The rand function returns an integer between 0 and RAND_MAX and this usually is a 15 bit number. It means the number returned by rand holds 15 random bits. If they're loaded into an std::bitset you can access those bits conveniently just like you would an std::vector,
    Code:
    #include <iostream>
    #include <cstdlib>
    #include <ctime>
    #include <bitset>
    
    void test() {
    	const size_t no_elems = 11;
    
    	srand((unsigned)time(nullptr)); // seed rand() from system clock
    
    	std::cout << ((1<<no_elems) - 1) << " should smaller or equal to " << RAND_MAX << std::endl;
    
    	std::bitset<no_elems> bitset(rand()); // load random bits into bitset
    
    	for (size_t i=0; i<bitset.size(); ++i) { // print bits
    		std::cout << bitset[i] << " ";
    	}
    	std::cout << std::endl;
    }
    Using the new <random> library (which I recommend) it's be possible to generate up to 64 random bits in one go (fits in a long long unsigned int).
    Last edited by wolle; March 31st, 2018 at 05:41 AM.

  4. #4
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    Re: Random number generator with one for-loop

    Hello and thank you for your perfect reply,
    could you please explain why you used const object? and there is no alternative way instead of const object?

  5. #5
    2kaud's Avatar
    2kaud is offline Super Moderator Power Poster
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    Re: Random number generator with one for-loop

    Quote Originally Posted by Kmilano View Post
    could you please explain why you used const object? and there is no alternative way instead of const object?
    ?? The only 'const' used is for no_elems which defines the required number of random elements. This is const as this value doesn't/shouldn't change duringthe program.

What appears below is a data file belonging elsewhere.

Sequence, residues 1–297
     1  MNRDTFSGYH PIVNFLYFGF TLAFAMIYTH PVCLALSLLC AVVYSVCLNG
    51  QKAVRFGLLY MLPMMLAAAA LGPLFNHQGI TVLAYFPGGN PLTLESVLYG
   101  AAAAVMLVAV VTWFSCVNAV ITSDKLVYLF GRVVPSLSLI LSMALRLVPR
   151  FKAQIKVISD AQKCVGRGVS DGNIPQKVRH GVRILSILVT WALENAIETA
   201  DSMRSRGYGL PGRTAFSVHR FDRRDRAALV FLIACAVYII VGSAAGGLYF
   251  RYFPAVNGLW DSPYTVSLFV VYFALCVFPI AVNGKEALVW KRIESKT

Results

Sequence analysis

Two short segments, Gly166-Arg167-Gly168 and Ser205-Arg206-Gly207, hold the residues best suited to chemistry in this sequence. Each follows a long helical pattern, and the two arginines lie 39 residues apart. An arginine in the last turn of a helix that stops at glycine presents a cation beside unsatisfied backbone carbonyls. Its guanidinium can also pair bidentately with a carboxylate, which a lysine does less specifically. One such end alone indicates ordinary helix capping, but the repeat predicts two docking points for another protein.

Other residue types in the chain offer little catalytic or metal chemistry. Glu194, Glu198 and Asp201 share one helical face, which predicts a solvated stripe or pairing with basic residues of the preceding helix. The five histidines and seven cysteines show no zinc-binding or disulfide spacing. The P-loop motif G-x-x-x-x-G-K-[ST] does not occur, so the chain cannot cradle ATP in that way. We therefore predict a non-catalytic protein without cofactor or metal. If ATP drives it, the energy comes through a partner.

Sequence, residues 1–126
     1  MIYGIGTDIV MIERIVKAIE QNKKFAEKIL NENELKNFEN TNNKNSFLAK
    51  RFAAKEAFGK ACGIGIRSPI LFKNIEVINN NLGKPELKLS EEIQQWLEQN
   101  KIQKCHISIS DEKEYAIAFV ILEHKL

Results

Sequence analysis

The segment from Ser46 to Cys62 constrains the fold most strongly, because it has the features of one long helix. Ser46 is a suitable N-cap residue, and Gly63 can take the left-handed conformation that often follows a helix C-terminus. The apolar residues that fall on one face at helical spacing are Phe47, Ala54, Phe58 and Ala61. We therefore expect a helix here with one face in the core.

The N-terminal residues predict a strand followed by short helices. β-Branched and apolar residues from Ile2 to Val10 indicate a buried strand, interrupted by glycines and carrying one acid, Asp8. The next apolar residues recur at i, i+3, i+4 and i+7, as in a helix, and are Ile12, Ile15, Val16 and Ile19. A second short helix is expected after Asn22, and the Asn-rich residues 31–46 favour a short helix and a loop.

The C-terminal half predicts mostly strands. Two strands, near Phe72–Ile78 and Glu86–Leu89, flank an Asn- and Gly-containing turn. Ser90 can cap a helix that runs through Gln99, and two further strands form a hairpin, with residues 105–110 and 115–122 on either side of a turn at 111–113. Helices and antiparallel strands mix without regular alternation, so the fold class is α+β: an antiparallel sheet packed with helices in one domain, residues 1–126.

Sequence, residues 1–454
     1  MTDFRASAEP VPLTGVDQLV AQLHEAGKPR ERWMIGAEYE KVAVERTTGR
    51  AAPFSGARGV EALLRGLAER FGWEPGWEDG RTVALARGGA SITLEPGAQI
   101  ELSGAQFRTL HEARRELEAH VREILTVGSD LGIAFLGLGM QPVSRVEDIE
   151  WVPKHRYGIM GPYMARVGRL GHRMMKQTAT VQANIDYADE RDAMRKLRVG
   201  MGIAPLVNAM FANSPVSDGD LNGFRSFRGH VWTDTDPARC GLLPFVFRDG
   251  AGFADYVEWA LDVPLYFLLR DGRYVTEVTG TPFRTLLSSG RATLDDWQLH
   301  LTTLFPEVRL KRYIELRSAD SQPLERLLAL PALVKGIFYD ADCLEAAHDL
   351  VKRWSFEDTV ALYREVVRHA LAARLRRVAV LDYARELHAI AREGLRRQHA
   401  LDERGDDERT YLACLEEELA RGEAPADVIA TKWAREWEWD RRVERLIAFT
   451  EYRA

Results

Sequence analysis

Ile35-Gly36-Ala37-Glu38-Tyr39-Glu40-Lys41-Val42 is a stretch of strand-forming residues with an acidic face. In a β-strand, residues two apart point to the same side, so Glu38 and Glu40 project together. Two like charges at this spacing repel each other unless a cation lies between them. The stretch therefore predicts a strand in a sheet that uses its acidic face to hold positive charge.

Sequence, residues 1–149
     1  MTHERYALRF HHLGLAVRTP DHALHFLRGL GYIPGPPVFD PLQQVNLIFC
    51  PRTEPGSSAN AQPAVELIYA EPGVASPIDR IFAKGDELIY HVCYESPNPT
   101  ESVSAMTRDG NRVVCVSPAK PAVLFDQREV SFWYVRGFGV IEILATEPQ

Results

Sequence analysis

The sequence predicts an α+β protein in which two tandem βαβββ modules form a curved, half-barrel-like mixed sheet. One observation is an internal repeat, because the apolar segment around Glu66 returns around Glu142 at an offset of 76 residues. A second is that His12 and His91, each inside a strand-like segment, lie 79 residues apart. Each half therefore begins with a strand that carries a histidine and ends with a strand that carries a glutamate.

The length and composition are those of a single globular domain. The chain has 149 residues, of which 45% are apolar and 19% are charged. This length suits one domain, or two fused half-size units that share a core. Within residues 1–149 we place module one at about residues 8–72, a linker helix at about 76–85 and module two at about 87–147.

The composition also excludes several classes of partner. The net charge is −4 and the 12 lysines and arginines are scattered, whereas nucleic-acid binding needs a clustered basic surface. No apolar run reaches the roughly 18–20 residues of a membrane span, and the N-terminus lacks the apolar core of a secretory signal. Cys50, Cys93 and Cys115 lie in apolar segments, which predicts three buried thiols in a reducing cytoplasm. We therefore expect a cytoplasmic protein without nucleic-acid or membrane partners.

All advice is offered in good faith only. All my code is tested (unless stated explicitly otherwise) with the latest version of Microsoft Visual Studio (using the supported features of the latest standard) and is offered as examples only - not as production quality. I cannot offer advice regarding any other c/c++ compiler/IDE or incompatibilities with VS. You are ultimately responsible for the effects of your programs and the integrity of the machines they run on. Anything I post, code snippets, advice, etc is licensed as Public Domain https://creativecommons.org/publicdomain/zero/1.0/ and can be used without reference or acknowledgement. Also note that I only provide advice and guidance via the forums - and not via private messages!

    C++17 Compiler: Microsoft VS2017 (15.9.3)

  6. #6
    Join Date
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    370

    Re: Random number generator with one for-loop

    Quote Originally Posted by Kmilano View Post
    Hello and thank you for your perfect reply,
    could you please explain why you used const object? and there is no alternative way instead of const object?
    The problem is that you hard-coded the number 11 in your example code in your first post.T hen no one really knows whether 11 is known and fixed at compile time or whether this is a number that is set at run-time. This is a difference that is paramount in C++. You must be very clear about this when you ask questions since C++ is strictly compiled before run-time.

    But regardless of which, my suggestion is worthwhile since it suggests you make use of all random bits you get from a call to a random number generator, not just one.
    Last edited by wolle; April 2nd, 2018 at 03:33 AM.